Allens Lane Art Center will present the first retrospective exhibition of a true Chestnut Hill artistic legend, the late Carole Sivin (1936-2020).
Allens Lane Art Center will present the first retrospective exhibition of a true Chestnut Hill artistic legend, the late Carole Sivin (1936-2020), whose six decades of paintings, prints, ink scrolls, paper arts, ceramics, sculpture and writing will be exhibited from April 22 through May 4.
“We are excited to have such a renowned artist in the gallery and to be able to present her works in a comprehensive manner,” said Janice Strawder, an instructor at Allens Lane with whom Sivin studied ceramics. “Carole approached her work with a spirit of investigation and collaboration, either with other individuals or with the medium materials themselves.”
Sivin, who grew up in Saratoga Springs, N.Y., lived in Chestnut Hill near Pastorius Park for 43 years with her husband of 58 years, Dr. Nathan Sivin, who died last June 24 at age 91. He was a renowned scholar who wrote or edited more than 15 books and numerous essays in professional journals, mostly concerning the history of science in China.
Carole Sivin’s 1986 book, “Maskmaking: Saving Face,” is now in its third printing. Her masks were commissioned by the Harvard Summer Theater, Wilma Theater, Pilobolus Dance Theater and dance companies in Canada and Japan.
According to Amy Handy, author of several books about art and architecture, Carole's masks are “wonderfully diverse and marvelously creative,” and “theater designers, performance artists, craftspeople and teachers, as well as dedicated Halloween revelers, will find inspiration aplenty in this useful and attractive book.”
Sivin’s extensive travels to China and Japan led her to study with renowned artists in Taiwan, and Kyoto, Japan. She also studied art at the State University of New York, Buffalo, and the School of the Museum of Fine Arts, Boston. Carole taught design at Philadelphia University, was artist in residence at the Virginia Center for the Creative Arts, MacDowell Colony and the Aegean Center for Fine Arts in Greece.
Her work has been exhibited widely, including in Hungary, Wales, Japan and Puerto Rico. Her local affiliations included solo shows at Nexus Gallery in Philadelphia, the University of Pennsylvania, St Joseph’s University, La Salle University and Haverford College.
In a 1998 interview with the New York-based My City Paper, Sivin said about her then-new work, “I wanted joy, color and transfusions of energy and brilliance: flowers, blue sky, the sea, the details of rocks, plants … I've been to Japan seven times and studied pottery there. I did a little bit on the wheel. Like certain folk artists who make saucers for rituals, we pinched round pieces of clay to our elbows and knees. They are very beautiful, with the texture of skin.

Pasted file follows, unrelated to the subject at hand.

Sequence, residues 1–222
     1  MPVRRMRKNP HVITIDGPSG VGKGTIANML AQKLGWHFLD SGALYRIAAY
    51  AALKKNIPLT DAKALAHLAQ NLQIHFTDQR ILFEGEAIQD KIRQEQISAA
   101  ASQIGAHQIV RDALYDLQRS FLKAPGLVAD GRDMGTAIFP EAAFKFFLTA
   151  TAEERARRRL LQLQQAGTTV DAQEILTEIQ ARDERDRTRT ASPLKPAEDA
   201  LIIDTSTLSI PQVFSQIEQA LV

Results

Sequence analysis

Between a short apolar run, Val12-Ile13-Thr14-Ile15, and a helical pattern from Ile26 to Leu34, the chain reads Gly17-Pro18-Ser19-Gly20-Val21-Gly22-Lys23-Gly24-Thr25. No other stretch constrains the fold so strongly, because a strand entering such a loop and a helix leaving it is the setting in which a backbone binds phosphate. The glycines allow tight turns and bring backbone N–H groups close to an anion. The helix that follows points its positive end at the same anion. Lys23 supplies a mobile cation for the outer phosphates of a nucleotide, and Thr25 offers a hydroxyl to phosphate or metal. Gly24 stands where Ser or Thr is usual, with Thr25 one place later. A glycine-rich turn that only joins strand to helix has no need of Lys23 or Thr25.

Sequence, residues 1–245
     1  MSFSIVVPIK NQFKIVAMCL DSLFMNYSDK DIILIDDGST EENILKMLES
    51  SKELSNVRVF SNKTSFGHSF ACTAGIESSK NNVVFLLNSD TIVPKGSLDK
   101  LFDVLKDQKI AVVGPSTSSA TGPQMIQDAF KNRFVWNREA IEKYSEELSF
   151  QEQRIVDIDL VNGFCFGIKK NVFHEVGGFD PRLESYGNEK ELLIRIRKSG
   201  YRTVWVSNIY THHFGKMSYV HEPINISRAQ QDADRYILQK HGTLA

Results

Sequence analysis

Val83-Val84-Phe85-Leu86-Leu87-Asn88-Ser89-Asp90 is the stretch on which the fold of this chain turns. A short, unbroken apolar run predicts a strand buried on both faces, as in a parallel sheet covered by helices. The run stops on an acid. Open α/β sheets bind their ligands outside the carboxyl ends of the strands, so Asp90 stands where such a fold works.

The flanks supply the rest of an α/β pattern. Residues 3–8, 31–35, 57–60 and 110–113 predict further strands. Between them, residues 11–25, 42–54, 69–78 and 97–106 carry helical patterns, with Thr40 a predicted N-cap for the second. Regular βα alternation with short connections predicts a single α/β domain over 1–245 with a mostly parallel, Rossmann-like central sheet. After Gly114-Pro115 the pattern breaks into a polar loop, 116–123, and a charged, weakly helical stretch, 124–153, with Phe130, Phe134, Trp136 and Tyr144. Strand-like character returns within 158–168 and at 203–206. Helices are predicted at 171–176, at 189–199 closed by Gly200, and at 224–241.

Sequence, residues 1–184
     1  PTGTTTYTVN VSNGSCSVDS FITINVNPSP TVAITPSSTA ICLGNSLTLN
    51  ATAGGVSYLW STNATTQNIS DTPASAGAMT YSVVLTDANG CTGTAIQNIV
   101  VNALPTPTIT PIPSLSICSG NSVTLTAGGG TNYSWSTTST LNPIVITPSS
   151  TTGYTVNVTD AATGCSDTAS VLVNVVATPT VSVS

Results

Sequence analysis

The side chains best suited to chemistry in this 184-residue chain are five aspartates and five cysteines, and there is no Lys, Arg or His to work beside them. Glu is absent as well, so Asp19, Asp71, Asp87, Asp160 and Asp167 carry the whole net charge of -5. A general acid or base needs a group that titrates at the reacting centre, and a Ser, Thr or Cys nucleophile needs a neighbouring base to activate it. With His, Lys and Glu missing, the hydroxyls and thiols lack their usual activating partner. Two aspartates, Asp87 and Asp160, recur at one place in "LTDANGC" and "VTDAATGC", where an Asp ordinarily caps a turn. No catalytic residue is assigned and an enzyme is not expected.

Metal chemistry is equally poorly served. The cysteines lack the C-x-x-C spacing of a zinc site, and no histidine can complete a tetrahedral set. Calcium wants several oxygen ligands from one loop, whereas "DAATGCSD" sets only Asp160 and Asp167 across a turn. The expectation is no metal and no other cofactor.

“Here in this country, masks are a device used without much thought. In Japan, masks seem to be a necessary part of a lot of rituals and ancient theater. The person becomes the mask ... I'm not a performer, but I could see that certain masks made me want to do something."
In the same interview, Sivin recalled with regret that "in high school, I ripped up everything I had done as a child. I wish that I could see it now. What I destroyed was a glimmer of something new that I didn't trust, something raw. I didn't know where it came from. When I was going through my mother's house recently, I found some early printmaking stuff that was really exhilarating. Everyone works in a circular way. You go back and work things out again."
Dr. Marta Hanson, a former resident of Mt. Airy and Chestnut Hill who is currently a visiting scholar at the Max Planck Institute for the History of Science in Berlin, was a close friend of the Sivins and often had dinner with them at local restaurants. “They were wonderful and eccentric,” she told us. “For example, they did not have a car or even a bicycle, and would walk everywhere they went. Sometimes people would drive them around, and they took the train a lot. Chestnut Hill was perfect for them because they could walk all around the neighborhood.”
Sivin was a member of the Cosmopolitan Club of Philadelphia, the Clay Studio, Allens Lane Art Center and the Woodmere Art Museum. Her extensive writings in support of her work are presently being archived at the University of Pennsylvania.
Allens Lane Art Center is located at 601 W. Allens Lane in West Mt. Airy. For more information, visit allenslane.org. Len Lear can be reached at firstname.lastname@example.org